• Georgia Tech met a team from Athens, but it wasn't the Bulldogs. Instead, the Georgia Preflight team provided the opposition, falling 35-7 in front of 12,000 at Grant Field. The best player on the Marine team was Pat Harder, the former Wisconsin star who arrived as a gunnery instructor on Friday in time to provide big help on the Skycrackers' defense. But he wasn't enough to stop Tech star Eddie Prokop, the pride of Cleveland OH, who threw a 39y TD pass and dashed 19y unmolested to pay dirt.
  • Across the nation, #1 Notre Dame beat #2 Michigan 35-21 while #3 Army registered another shutout, 51-0 over Temple. #4 Navy edged #5 Duke 14-13. #6 Pennsylvania also won by a scant point, 7-6 over Dartmouth. #7 Purdue defeated Camp Grant 19-0.

October 16

  • Tulane had the week off, but the other three SEC elevens met military foes.
  • LSU had scheduled a game for this date with the Naval Air Technical Training Center team, but the navy wouldn't allow the team to travel for a game. So Bernie Moore hastily arranged a match with the Army Specialists Training Unit stationed on his own campus. 3,500 watched the afternoon tilt with all proceeds going to the Good Fellows' annual Christmas fund. Van Buren scored 21 points in the 28-7 victory. The only TD and PAT big Steve didn't score were made by Joe Nagata in the last quarter. The sparkplugs of the army team were Wren Worley, a freshman star at LSU the year before, and Larry Hatch of Washington.
  • Georgia traveled to Augusta to meet the Daniel Field army air base team. The Fliers proved to rude hosts, winning 18-7. Former Temple QB Tony DiTomo ran for one TD and passed for the other two
  • Tech met the 300th Infantry of Fort Benning GA on wind-swept Grant Field. The crowd of 10,000 saw Prokop spark the 27-0 romp over the infantry, who remained winless despite deploying three-fourths of Tennessee's Sugar Bowl backfield.
  • Top-ranked Notre Dame ripped war-depleted Wisconsin 50-0, and #2 Army won at Columbia by almost the same score (52-0). Penn State gave #3 Navy a tough time before bowing 14-6. #4 Penn beat the Lakehurst Naval Air Station 74-6. In the Big Ten, #5 Purdue beat Ohio State 30-7 in Cleveland.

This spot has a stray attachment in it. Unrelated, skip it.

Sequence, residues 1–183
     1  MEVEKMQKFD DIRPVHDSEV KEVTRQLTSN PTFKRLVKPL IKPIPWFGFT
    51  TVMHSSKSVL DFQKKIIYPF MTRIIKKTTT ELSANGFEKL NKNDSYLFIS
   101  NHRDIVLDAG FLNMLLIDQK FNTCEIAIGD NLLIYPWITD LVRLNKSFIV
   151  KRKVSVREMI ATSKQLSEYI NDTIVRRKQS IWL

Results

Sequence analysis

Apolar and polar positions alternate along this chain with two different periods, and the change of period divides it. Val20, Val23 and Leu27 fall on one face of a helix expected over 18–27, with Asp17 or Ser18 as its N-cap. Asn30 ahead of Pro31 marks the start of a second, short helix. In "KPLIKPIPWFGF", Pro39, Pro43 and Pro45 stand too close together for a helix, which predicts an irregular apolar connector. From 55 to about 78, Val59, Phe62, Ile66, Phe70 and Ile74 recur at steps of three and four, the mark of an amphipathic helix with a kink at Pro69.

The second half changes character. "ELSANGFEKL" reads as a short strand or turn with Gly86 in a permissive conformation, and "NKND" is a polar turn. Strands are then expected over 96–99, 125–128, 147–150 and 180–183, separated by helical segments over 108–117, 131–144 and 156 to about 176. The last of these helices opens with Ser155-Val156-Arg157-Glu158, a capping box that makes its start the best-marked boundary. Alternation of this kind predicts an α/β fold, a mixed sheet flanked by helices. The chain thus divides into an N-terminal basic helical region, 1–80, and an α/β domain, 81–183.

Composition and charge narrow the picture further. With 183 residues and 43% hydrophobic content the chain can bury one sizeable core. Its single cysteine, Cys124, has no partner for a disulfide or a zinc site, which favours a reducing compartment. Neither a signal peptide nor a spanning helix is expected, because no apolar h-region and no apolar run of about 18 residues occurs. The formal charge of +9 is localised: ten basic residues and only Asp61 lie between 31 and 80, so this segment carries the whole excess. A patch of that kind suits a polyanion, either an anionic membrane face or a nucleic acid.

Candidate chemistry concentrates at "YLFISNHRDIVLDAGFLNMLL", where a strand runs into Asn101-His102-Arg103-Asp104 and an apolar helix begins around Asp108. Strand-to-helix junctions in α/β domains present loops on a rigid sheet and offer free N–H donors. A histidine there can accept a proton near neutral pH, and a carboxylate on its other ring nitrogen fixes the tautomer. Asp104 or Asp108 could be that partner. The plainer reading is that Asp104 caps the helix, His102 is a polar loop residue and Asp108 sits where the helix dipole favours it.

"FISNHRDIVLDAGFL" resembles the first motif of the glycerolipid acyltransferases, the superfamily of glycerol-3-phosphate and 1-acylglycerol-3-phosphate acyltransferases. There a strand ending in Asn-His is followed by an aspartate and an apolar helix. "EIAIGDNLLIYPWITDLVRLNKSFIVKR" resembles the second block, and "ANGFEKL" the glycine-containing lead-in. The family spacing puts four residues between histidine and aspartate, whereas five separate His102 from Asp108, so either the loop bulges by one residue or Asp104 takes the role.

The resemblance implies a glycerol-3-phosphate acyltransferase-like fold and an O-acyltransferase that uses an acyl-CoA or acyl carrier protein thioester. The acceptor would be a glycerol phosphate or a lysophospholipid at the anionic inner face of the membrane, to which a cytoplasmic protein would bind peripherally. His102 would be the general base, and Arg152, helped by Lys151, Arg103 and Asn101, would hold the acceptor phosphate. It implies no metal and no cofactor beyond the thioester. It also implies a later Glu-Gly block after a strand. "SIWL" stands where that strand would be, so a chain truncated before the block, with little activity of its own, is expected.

October 23

  • LSU and Georgia met for the second time, this one at Columbus GA. The Tigers, 34-27 victors on September 25 in Baton Rouge, prevailed by an even larger margin this time, 27-6. 16,000 came out to see if Van Buren was as good as his press clippings, and he didn't disappoint, with three TDs and a couple of PAT boots. He also punted beautifully, placing one kick out of bounds in the coffin corner. LSU was helped by the absence of Georgia back "Rabbit" Smith, who gave them trouble in the earlier game. He witnessed the game from the sidelines after being crippled in the previous game.
  • Back in Louisiana, Tulane won a ragged nip-and-tuck game against SMU 12-6 before 20,000 in ideal weather. Three ex-Baylor players, C Buddy Gatewood, E Aubrey Bailey, and Jim Jackson, sparked the Green Wave. Shiver's 61y INT return in Q4 allowed TU to survive a late Mustang TD.
  • Georgia Tech traveled to Baltimore to meet Navy. The #3 Midshipmen, like the Army Cadets, profited from the war effort because their students received a four-year deferment from the draft while they completed their degrees. As a result, both service academies fielded top-notch football teams. The Middies moved their record to 6-0 with a 28-14 victory before 56,223. The difference was two TDs in the final 15 minutes, the first culminating a drive that started with a 78y kickoff return by "a stocky little bundle of energy named Hal Hamberg." He finished what he started by tossing a TD pass from the 23 with two Yellow Jackets clinging to his legs. As an example of the vagaries of wartime football, Tech lost eight V-12 players after the game because of transfer to other training stations.
  • The Fighting Irish had no trouble with Illinois, 47-0. Army yielded its first points but won at Yale, 39-7. The Boilermakers rambled on, 32-0 over the Badgers. USC, risen to #5, beat California 13-0 for its sixth straight.

SEC Records after games of October 23

  • LSU 4-1 (2-0 SEC)
  • Tulane 2-1 (0-0 SEC)
  • Georgia Tech 3-2 (0-0 SEC)
  • Georgia 3-3 (0-2 SEC)

Continued below ...

Tulane Coach Monk Simons
Tulane Coach Monk Simons

Pat Harder
Pat Harder

1943 LSU-Georgia Action
LSU-Georgia action (Tigers in white)

1943 Tulane-SMU Action
's Jim Shiver runs against SMU.

1943 Tulane-SMU Action - 2
More Tulane-SMU action

1943 SEC Football Season - III

Duke Coach Eddie Cameron
Eddie Cameron

Duke HB Spook Murphy
"Spook" Murphy

LSU TB Gene "Red" Knight
Red Knight

October 29-30

  • Playing another Friday night game, Georgia trampled Samford 39-0.